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'Everything is Possible with Jesus': Iraqi Christians Demonstrate Stunning Faith by Forgiving ISIS Captors

Lindsay Elizabeth : Aug 29, 2018 :

"The people have suffered greatly; for three years as refugees in Iraqi Kurdistan they faced many difficulties. But they have a faith that has enabled them to overcome everything, although not without difficulty ... This faith also makes it possible for them to truly live this forgiveness." -Father Salar Kajo from the NRC

[] Four years ago, ISIS militants were sweeping through Iraq, completely decimating all that was in their path, sparing no one. Christians in the Ninevah Plains fled for their lives, some making it to other countries, where they would live for years, others not making it safely. (Photo source: CBN/Stivan Shany/via Faithwire)

But now, after four years, the 140,000 Christians that lived in the Ninevah Plains are finally returning to their homes.

The Knights of Columbus, the largest Catholic fraternal organization in the world, has been working to aid persecuted Christians in the Middle East since the mass purge of Christians from the Ninevah Plains first started taking place.

"The program was to eliminate the population and to also eliminate the historical memory—to get the people who lived there out of there," Andrew Walther of the Knights of Columbus stated.

Walther pointed out that not only were Christians displaced from their homes, but their homes were also destroyed—rather quickly, he noted.

"This is why they blew up Roman ruins in Palmyra. This is why they blew up the tomb of Jonah. This is why they had a systematic destruction of Christian cemeteries, of Christian churches, and the desecration of Christian graves," Walther stated.

The Nineveh Plains hold much significance for Middle Eastern Christians, and for over 2,000 years, they were home to Assyrian Christians, until ISIS drove them out.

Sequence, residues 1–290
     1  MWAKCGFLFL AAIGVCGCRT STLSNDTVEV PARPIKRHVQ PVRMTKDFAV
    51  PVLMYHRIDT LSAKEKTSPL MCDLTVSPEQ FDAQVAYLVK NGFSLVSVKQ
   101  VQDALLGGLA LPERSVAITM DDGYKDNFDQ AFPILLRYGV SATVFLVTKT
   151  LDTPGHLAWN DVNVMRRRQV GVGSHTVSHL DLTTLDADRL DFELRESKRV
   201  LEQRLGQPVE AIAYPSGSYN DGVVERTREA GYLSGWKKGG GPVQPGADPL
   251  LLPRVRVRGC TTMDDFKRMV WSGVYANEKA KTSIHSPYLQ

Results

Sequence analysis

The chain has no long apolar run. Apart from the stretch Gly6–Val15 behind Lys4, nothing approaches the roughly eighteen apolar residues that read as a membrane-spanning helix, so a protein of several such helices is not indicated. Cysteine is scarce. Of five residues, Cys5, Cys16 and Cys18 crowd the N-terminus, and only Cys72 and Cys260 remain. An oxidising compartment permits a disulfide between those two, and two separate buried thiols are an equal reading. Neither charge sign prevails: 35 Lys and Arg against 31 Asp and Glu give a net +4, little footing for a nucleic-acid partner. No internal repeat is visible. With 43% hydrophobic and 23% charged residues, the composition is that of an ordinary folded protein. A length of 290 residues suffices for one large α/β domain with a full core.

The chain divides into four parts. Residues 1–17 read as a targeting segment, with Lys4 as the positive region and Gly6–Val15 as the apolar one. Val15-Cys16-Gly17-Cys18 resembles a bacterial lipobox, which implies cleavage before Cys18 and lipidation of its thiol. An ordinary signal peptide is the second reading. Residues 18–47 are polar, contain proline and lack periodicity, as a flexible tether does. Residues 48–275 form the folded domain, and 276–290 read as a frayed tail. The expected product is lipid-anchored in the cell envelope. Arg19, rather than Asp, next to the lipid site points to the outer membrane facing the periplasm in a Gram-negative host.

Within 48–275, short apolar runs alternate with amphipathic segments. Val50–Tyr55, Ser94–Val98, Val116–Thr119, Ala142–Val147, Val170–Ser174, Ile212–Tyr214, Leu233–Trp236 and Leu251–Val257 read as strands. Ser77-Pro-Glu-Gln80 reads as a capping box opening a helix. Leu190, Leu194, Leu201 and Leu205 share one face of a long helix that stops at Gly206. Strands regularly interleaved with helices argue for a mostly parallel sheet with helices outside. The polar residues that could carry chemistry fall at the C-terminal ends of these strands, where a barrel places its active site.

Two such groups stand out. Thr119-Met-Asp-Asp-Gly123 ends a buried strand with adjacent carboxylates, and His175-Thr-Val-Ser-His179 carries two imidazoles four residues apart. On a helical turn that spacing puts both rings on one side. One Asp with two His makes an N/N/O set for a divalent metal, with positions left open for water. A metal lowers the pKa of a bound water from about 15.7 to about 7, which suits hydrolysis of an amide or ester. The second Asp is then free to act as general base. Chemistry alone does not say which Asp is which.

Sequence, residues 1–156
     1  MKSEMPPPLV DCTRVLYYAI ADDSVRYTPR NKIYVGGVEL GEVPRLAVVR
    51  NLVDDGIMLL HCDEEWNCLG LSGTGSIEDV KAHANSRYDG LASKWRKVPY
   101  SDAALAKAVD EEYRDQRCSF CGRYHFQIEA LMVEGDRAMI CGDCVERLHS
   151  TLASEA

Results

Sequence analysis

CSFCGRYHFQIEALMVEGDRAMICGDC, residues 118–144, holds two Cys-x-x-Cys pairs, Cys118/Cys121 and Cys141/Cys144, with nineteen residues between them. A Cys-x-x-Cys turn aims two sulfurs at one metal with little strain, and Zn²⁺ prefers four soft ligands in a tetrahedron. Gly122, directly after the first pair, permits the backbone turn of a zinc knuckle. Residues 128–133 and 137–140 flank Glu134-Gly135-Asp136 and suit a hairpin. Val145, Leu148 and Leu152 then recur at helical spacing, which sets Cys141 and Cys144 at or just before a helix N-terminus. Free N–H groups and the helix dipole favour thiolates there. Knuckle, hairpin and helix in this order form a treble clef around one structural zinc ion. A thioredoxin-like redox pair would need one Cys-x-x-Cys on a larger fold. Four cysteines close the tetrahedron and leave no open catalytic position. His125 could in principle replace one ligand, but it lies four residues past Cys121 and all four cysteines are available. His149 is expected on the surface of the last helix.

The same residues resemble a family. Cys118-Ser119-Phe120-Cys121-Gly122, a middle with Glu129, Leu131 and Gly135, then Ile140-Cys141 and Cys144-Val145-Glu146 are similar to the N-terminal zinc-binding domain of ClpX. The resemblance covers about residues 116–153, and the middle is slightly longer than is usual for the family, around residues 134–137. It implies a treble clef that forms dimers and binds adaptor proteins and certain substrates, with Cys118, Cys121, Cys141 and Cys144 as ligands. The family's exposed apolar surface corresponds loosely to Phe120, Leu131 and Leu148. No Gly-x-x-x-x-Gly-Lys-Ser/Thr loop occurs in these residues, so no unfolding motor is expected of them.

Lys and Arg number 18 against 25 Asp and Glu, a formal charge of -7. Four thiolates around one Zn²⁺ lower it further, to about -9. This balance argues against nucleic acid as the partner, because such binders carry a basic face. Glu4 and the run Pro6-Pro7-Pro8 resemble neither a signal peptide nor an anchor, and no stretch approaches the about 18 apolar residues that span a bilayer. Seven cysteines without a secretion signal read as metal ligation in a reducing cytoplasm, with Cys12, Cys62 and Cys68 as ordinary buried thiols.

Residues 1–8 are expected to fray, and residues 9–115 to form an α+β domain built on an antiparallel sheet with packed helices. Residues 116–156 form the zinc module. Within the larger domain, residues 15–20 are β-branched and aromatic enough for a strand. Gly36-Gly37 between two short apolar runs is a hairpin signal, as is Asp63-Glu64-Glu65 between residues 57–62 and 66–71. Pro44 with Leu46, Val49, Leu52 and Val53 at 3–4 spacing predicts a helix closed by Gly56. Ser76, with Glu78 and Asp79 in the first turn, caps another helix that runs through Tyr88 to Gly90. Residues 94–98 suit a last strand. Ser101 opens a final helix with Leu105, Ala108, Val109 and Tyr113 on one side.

"When ISIS swept through northern Iraq they decimated the Christian population. They gave people the option to convert, die or in some cases flee," Walther explained. "ISIS wanted to stamp out any kind of difference and as a result, they undertook a program that didn't just remove people. It also removed property. It also removed anything that spoke to an earlier culture."

ISIS dominated the Ninevah Plains for the next two years, destroying everything they could, including over 13,000 homes and 263 church buildings.

"[ISIS' goal was to] also blow up monuments, to blow up churches, to blow up things that indicated a religious belief that was at odds or just different from ISIS," Walther added.

Four years after the original invasion, the terror group has finally been driven out of the region, but the rebuilding process has only begun.

"It's sort of a town by town basis, some towns have been sort of ethnically cleansed and resettled, other towns are still armed camps and war zones where the original population can't move back in," said Walther, who has traveled extensively across Iraq.

"Some of the towns still have problems with unexploded ordinance, with mines, with things that make it impossible to move back," he added.

Even though the destruction is immense and the task daunting, many Christians are finding their way back to their homes with the help of groups like the Knights of Columbus. They began their involvement in 2014, helping families return to their homes in Karamels, a small town in the plains.

"This was a town that had hundreds of families, all of whom had been forcibly displaced by ISIS, and when the town was liberated, it was in a terrible state," Walther said.

"The Knights of Columbus were able to put in about $2 million to move hundreds of families back home, to help them repair their homes and [to help them] get on with their lives, to pick up the pieces, and to help preserve the multicultural pluralism that has existed in the Christian communities in Iraq for well over a thousand years," he added.

On August 7, people in Karamles threw an event in remembrance of their exodus out of Nineveh, and now, in celebration of their return.

"[This] celebration was not the remembrance of an awful event," Paul Thabit Mekko, a Christian leader in Karamles said. "[This] was a time to read the past with new eyes and a new spirit, with a real hope. What seemed impossible has become possible and we hope that other steps will follow."

Father Salar Kajo has been instrumental in rebuilding villages in the Nineveh Plains, working with the Nineveh Reconstruction Committee (NRC). The NRC has already rebuilt nine different villages, allowing families to start to settle back into their lives before ISIS took over.

"The Church is the only organization working with the Christians of Iraq and the other minorities to recover their homes," Kajo wrote on the group's website. "If these families do not return to their homes, Christianity will disappear from Iraq"... Subscribe for free to Breaking Christian News here.

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